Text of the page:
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A seat at the table: Worker voice and the new corporate boardroom

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Sep 30, 2021

Perhaps more than any time in the last forty years, the needs and interests of workers now occupy the attention of corporate directors, CEOs and investors. Whether the focus is on wages, worker health & safety or diversity, equity & inclusion, the year 2020 elevated a wide range of worker interests and concerns, and opened up new conversations about how our modern economy treats workers. American corporate governance has been forced to survey a new frontier.

While boards are discussing worker-related issues more today, they still rely on indirect channels of information like employee engagement surveys and the opinions of senior executives. Absent direct worker engagement, it is difficult to know whether boards are having the right conversations to address worker concerns and receive worker insight about business operations.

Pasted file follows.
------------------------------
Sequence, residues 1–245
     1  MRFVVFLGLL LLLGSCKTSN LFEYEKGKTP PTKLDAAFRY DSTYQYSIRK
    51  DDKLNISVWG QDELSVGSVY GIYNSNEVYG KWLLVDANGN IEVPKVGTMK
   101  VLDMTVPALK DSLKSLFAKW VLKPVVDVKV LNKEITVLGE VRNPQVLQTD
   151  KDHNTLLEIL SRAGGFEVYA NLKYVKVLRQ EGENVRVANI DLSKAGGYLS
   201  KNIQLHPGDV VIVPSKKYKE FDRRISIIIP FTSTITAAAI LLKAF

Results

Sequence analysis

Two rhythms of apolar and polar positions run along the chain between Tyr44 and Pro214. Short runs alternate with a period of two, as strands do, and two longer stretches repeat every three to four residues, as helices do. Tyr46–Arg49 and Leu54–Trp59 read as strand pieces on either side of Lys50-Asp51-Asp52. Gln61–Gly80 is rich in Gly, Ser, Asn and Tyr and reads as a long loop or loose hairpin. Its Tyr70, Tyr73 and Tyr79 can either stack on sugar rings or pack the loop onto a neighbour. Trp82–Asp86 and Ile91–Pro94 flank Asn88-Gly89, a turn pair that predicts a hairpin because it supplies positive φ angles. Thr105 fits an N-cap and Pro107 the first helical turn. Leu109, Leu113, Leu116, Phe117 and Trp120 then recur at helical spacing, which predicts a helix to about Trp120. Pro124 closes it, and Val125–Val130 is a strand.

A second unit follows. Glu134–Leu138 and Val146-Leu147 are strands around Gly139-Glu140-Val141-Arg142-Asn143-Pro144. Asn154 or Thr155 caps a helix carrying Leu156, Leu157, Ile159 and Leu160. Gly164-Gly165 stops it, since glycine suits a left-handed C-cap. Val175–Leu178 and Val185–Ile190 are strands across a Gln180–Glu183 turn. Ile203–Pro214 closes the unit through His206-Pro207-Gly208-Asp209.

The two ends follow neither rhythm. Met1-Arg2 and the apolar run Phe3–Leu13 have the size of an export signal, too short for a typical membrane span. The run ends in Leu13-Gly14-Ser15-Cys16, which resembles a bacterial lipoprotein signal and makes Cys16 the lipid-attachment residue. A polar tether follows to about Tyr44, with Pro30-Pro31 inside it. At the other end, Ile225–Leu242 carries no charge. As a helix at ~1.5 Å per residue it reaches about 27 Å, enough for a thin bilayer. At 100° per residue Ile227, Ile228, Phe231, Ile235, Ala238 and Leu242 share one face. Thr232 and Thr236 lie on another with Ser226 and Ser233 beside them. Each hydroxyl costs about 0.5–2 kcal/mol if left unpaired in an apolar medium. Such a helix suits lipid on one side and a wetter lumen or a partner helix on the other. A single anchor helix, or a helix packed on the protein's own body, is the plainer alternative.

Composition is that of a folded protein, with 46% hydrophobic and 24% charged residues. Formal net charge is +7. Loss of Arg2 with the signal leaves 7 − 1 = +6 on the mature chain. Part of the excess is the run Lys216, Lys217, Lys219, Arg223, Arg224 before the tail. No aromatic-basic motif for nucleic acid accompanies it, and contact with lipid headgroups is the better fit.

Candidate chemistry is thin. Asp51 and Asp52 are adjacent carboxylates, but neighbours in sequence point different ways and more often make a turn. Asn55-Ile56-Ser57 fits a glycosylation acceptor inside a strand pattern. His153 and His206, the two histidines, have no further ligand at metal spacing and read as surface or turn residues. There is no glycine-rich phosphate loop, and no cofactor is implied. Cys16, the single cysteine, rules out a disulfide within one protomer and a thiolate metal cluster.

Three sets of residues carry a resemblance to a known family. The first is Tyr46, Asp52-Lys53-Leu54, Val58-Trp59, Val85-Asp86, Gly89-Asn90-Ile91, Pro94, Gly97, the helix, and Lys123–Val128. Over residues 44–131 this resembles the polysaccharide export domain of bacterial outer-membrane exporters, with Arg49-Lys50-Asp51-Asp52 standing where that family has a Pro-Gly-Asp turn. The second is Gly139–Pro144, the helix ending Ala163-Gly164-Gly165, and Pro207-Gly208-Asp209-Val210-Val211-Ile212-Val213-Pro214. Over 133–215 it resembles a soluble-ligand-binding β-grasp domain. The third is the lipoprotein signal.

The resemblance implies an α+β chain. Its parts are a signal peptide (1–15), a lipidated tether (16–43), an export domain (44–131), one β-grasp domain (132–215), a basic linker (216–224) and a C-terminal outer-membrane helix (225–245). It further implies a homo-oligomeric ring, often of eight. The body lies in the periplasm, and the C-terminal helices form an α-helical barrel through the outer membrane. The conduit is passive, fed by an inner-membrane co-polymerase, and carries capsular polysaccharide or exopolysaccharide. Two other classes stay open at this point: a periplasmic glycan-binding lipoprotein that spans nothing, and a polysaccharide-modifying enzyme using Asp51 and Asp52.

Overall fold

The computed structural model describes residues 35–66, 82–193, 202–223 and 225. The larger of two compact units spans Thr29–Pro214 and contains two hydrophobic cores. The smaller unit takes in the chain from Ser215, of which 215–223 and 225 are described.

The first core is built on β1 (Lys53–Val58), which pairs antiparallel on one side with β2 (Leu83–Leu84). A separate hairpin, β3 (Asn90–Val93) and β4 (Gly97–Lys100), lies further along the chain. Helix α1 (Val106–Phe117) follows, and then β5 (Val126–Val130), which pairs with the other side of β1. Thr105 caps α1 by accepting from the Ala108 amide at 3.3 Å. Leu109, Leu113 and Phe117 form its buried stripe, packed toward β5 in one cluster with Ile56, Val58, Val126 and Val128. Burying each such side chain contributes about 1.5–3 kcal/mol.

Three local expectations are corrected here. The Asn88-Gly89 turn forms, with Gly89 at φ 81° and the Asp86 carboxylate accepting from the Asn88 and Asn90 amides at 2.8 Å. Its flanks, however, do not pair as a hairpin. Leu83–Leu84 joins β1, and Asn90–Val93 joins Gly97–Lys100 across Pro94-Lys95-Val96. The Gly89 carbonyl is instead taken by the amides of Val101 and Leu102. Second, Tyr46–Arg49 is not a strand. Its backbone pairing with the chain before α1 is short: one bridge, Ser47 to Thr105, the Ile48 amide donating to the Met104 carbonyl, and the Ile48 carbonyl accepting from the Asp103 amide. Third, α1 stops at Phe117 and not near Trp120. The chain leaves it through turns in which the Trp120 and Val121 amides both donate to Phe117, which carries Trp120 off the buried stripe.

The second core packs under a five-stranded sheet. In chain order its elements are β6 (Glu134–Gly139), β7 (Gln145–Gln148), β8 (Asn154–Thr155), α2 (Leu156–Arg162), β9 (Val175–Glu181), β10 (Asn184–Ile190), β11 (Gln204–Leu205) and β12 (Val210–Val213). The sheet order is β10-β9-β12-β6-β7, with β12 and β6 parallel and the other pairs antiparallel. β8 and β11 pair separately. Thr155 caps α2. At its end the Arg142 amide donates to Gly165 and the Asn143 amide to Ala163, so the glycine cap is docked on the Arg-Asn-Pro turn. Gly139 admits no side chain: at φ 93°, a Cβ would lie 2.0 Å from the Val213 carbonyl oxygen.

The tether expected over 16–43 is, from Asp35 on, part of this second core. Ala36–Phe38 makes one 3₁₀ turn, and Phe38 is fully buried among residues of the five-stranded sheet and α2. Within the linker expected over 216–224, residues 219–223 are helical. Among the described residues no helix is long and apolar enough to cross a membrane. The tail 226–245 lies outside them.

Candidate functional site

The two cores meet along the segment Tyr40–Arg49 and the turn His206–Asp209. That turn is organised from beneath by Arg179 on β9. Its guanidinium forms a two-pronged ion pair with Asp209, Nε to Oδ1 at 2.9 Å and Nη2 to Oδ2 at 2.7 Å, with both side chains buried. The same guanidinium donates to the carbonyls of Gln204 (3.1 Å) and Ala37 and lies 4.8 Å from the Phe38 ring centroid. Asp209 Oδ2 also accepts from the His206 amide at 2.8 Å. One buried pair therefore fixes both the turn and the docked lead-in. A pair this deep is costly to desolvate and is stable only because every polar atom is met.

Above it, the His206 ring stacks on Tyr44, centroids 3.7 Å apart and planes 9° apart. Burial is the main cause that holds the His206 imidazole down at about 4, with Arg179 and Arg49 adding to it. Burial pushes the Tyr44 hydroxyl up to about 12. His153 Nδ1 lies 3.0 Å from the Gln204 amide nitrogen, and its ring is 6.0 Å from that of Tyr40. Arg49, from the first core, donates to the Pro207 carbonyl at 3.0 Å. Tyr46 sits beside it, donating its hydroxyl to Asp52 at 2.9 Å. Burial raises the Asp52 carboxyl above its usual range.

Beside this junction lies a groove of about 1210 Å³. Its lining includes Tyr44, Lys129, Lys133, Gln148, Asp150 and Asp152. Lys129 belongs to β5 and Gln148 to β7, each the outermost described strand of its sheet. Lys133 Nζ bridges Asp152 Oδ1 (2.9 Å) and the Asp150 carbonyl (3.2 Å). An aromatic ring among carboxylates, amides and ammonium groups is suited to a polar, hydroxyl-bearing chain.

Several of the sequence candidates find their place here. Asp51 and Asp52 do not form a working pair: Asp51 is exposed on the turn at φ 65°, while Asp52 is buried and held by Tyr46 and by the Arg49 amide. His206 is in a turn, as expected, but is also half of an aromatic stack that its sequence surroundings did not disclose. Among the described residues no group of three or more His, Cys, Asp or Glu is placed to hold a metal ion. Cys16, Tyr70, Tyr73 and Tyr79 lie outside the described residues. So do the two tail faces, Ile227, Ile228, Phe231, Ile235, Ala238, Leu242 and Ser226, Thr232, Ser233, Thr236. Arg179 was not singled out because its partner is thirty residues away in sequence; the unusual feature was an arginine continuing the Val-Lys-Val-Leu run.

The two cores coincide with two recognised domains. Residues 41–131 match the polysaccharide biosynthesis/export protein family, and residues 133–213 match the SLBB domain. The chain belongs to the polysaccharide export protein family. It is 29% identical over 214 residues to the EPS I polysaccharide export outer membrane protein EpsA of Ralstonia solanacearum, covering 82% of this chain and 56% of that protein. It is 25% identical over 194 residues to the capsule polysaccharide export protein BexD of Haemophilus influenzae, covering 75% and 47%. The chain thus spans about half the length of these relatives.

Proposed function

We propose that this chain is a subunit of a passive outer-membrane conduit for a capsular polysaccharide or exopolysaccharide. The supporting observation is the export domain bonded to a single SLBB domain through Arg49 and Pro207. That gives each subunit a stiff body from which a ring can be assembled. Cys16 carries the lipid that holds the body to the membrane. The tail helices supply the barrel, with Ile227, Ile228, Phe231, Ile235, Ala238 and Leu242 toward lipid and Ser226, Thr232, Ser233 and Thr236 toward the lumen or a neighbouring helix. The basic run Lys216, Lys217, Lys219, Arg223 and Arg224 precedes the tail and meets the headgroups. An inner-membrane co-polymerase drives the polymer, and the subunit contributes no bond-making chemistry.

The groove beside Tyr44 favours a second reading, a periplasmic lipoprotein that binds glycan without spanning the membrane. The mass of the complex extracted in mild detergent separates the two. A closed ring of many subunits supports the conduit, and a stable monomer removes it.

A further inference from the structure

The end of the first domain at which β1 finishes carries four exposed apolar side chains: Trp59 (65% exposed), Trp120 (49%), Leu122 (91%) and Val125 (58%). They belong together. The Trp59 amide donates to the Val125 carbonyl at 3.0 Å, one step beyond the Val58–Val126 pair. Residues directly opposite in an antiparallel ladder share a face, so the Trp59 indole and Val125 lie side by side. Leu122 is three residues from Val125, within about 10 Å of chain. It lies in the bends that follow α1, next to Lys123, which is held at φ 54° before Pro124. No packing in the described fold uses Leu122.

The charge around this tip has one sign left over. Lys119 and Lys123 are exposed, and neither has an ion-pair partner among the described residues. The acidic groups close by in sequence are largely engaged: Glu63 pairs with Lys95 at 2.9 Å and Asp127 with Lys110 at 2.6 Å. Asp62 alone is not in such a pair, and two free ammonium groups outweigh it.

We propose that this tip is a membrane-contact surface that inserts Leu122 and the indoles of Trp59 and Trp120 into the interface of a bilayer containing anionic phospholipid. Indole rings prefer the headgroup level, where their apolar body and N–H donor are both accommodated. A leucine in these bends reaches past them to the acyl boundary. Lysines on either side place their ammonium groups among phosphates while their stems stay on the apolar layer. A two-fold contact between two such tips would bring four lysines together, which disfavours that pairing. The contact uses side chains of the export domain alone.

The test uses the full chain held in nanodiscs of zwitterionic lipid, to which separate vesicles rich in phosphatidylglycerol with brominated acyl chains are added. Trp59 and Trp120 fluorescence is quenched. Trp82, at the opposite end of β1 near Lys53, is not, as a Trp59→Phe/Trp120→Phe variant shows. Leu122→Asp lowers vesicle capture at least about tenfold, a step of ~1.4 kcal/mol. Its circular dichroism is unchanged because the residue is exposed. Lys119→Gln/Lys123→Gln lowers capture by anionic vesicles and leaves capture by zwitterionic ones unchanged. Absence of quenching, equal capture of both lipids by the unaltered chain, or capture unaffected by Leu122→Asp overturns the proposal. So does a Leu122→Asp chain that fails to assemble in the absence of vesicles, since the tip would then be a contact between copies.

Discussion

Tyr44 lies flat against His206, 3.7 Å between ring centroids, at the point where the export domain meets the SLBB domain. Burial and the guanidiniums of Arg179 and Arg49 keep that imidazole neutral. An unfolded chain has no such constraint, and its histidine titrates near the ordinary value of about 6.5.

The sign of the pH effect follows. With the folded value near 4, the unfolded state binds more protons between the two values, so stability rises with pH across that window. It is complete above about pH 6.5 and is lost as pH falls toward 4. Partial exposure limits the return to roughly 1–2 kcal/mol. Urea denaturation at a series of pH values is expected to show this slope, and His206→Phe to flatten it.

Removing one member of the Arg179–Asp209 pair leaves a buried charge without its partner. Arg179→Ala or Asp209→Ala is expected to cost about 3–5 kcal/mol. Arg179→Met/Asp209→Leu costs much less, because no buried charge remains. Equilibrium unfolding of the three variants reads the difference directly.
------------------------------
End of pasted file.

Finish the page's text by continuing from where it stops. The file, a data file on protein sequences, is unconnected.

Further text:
These trends reveal an opportunity to strengthen America’s corporate governance system. Currently, that system is poorly designed to address worker interests. Workers have no formal role in American corporate governance. CEOs, board directors and investors are far removed from the tens of millions who work at the front lines of business. Worker insights rarely inform board-level decisions and the risks shouldered by workers are too often undervalued. The result is wasted potential that if captured, could benefit companies, workers, and society as a whole.

Review the publication on the Aspen Institute's website.

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